Music Throwback Saturday: Mozart Requiem

One of the most popular composers in movies and television today is Wolfgang Amadeus Mozart. Pretty impressive for a guy who’s been dead for over 225 years. Check out out his over 1,275 credits in the IMDB.

And of those, more than 100 are for the Mozart Requiem in D Minor K. 626, including The Big Lebowski and Robot & Frank. The movie Lucy used the Introitus: Requiem Aeternam. Life of Brian went with Dies irae. Both Eyes Wide Shut and The Wolverine were fond of Rex Tremendae Majestatis. Here is X-Men 2 using Dies irae.

Of course, the movie Amadeus used several movements, including Dies Irae, Rex Tremendae, Confutatis, and the segment I hear most often, even in car commercials, Lacrimosa. Here is the Lacrimosa scene in Amadeus.

The movie also explains, as does the Wikipedia, that the Requiem was incomplete upon the composer’s death on December 5, 1791 at the age of 35. “Mozart’s widow Constanze was responsible for a number of stories surrounding the composition of the work, including the claims that Mozart received the commission from a mysterious messenger who did not reveal the commissioner’s identity, and that Mozart came to believe that he was writing the requiem for his own funeral.” However, the film took some liberties with the facts.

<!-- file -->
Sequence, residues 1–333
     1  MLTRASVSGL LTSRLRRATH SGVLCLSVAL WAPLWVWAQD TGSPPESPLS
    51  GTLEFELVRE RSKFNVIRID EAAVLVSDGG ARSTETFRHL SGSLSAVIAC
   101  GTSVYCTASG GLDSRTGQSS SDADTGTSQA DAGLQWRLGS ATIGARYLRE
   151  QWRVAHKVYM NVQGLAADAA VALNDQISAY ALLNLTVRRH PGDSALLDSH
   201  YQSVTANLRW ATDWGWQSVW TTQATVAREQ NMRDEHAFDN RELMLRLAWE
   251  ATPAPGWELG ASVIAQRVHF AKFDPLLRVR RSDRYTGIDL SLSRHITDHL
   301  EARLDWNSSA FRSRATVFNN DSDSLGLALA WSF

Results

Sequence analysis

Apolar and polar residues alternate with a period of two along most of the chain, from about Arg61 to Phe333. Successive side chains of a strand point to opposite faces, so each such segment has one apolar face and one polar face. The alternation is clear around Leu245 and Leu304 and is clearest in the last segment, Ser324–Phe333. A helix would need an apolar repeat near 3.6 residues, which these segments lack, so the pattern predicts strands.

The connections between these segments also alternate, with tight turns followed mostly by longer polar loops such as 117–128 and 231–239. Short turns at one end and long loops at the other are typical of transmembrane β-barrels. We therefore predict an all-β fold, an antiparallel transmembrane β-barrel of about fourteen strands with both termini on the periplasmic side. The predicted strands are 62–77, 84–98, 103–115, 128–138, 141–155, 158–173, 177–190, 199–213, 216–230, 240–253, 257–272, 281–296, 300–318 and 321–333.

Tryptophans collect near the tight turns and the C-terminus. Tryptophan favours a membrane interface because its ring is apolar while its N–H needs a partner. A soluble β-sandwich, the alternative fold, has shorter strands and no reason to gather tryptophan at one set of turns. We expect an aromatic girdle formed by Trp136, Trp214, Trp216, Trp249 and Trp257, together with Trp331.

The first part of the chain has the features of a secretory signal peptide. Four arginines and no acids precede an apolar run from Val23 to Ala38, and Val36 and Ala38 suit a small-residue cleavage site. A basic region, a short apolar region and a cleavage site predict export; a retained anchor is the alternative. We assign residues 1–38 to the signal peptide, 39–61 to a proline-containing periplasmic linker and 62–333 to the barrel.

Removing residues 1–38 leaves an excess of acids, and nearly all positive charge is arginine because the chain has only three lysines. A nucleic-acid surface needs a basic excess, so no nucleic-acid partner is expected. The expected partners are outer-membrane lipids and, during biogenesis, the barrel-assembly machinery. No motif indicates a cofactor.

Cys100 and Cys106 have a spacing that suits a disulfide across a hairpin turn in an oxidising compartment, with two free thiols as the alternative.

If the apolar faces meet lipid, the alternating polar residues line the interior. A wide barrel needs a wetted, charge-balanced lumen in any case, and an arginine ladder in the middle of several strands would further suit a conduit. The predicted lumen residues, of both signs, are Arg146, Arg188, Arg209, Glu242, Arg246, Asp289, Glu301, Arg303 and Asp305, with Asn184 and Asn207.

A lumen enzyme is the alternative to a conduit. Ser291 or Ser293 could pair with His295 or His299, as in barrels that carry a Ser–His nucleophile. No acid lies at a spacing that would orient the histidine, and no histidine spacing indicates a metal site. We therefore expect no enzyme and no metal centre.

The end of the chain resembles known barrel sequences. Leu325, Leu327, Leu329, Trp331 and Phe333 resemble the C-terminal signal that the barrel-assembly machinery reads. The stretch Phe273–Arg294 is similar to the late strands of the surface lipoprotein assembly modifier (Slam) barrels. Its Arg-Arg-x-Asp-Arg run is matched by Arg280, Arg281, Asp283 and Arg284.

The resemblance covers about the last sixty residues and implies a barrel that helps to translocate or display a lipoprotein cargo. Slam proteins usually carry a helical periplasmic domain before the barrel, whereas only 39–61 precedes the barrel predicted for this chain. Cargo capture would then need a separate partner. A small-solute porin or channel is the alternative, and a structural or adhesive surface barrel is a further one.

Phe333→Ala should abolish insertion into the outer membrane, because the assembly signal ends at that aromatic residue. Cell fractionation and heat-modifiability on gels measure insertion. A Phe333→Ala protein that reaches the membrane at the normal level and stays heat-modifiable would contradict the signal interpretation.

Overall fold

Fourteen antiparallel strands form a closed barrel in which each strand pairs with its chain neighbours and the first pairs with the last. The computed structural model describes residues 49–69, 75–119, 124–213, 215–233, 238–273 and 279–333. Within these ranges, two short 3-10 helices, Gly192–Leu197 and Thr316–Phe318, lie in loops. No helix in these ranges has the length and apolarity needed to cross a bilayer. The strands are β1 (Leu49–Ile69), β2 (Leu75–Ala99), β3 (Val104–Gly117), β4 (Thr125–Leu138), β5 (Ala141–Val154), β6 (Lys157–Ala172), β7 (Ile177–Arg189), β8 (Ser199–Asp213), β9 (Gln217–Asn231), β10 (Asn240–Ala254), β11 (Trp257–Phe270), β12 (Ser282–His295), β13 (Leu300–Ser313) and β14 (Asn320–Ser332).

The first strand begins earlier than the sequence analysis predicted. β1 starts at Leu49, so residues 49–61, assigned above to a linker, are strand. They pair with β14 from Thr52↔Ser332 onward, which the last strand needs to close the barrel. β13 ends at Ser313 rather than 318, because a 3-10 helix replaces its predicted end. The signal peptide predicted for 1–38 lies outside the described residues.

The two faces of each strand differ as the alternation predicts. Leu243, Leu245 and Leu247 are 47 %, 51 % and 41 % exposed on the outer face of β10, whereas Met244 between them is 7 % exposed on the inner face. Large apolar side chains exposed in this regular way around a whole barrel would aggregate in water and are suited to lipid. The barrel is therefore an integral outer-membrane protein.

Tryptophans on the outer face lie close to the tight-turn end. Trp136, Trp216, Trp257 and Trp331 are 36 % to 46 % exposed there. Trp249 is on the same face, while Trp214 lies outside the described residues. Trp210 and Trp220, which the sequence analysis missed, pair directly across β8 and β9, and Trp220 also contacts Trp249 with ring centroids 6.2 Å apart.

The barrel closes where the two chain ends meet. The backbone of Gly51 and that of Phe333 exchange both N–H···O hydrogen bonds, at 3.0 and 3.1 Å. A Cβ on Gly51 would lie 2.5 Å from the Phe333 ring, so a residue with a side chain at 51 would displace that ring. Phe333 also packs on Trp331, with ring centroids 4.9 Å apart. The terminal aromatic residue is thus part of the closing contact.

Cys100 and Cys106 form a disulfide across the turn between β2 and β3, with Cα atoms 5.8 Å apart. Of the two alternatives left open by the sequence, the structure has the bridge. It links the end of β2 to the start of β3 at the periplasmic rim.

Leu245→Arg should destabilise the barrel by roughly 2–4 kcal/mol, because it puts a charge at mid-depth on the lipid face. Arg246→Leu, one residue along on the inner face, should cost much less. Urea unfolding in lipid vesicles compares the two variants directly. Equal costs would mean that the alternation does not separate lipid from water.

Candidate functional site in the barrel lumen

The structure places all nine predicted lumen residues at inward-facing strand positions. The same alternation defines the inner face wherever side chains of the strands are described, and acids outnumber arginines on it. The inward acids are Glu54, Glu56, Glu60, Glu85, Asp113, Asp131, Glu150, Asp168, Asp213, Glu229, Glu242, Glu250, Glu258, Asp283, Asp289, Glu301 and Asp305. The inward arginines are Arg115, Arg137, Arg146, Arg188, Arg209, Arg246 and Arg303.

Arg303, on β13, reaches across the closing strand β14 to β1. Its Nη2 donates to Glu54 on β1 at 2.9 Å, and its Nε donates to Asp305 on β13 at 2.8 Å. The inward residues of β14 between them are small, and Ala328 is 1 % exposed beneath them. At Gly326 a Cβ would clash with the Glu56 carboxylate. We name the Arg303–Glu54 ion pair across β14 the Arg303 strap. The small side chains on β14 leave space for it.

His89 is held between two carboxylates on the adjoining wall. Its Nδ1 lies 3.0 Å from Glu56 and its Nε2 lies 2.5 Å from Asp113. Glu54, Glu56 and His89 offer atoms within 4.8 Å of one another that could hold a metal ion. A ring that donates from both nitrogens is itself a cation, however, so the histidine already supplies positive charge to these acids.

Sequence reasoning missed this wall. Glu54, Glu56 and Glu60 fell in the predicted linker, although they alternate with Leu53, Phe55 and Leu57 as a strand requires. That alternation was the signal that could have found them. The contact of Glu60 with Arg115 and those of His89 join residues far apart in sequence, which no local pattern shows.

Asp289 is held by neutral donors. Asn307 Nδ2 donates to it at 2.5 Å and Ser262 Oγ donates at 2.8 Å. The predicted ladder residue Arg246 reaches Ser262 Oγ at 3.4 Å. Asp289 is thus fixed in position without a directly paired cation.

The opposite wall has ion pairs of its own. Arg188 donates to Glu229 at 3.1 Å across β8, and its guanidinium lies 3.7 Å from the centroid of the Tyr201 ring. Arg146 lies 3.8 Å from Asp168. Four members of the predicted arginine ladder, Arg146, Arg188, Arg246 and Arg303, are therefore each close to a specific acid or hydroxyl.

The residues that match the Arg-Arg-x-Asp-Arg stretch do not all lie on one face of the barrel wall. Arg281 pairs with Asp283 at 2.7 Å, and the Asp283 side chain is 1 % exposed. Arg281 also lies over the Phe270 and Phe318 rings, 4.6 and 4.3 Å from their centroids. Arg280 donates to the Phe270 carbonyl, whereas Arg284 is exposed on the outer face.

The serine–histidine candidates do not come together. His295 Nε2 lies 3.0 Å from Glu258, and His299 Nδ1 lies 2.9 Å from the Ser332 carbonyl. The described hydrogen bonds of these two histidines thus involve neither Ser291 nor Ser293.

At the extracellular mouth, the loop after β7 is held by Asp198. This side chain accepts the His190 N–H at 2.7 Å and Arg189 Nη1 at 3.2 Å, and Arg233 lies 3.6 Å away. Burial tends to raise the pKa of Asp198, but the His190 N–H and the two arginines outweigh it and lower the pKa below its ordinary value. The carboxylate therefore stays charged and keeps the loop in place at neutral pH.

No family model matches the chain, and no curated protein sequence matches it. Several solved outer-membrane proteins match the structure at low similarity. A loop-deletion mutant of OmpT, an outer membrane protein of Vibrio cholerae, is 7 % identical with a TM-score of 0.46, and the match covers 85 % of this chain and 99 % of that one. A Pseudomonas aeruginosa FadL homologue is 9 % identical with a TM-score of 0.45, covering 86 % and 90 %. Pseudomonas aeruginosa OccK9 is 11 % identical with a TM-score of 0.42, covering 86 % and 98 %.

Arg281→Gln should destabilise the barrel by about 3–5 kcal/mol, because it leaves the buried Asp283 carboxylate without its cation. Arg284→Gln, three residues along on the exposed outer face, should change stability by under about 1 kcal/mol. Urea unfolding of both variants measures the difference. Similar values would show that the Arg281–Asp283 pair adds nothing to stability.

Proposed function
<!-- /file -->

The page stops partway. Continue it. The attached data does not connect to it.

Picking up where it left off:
I love requiems in general, and, as I’ve noted, the Mozart Requiem is one of my favorite pieces of music I was in choirs that have performed it thrice in my life, in 1985 and at some point in the 1990s at Trinity United Methodist Church, and in 2002, with Albany Pro Musica, as part of the commemoration of the first anniversary of 9/11. So I never used Cyberbass to learn the work, though it could be useful for you.

Listen to Mozart Requiem In D Minor K. 626
recording
Arsys Bourgogne live performance

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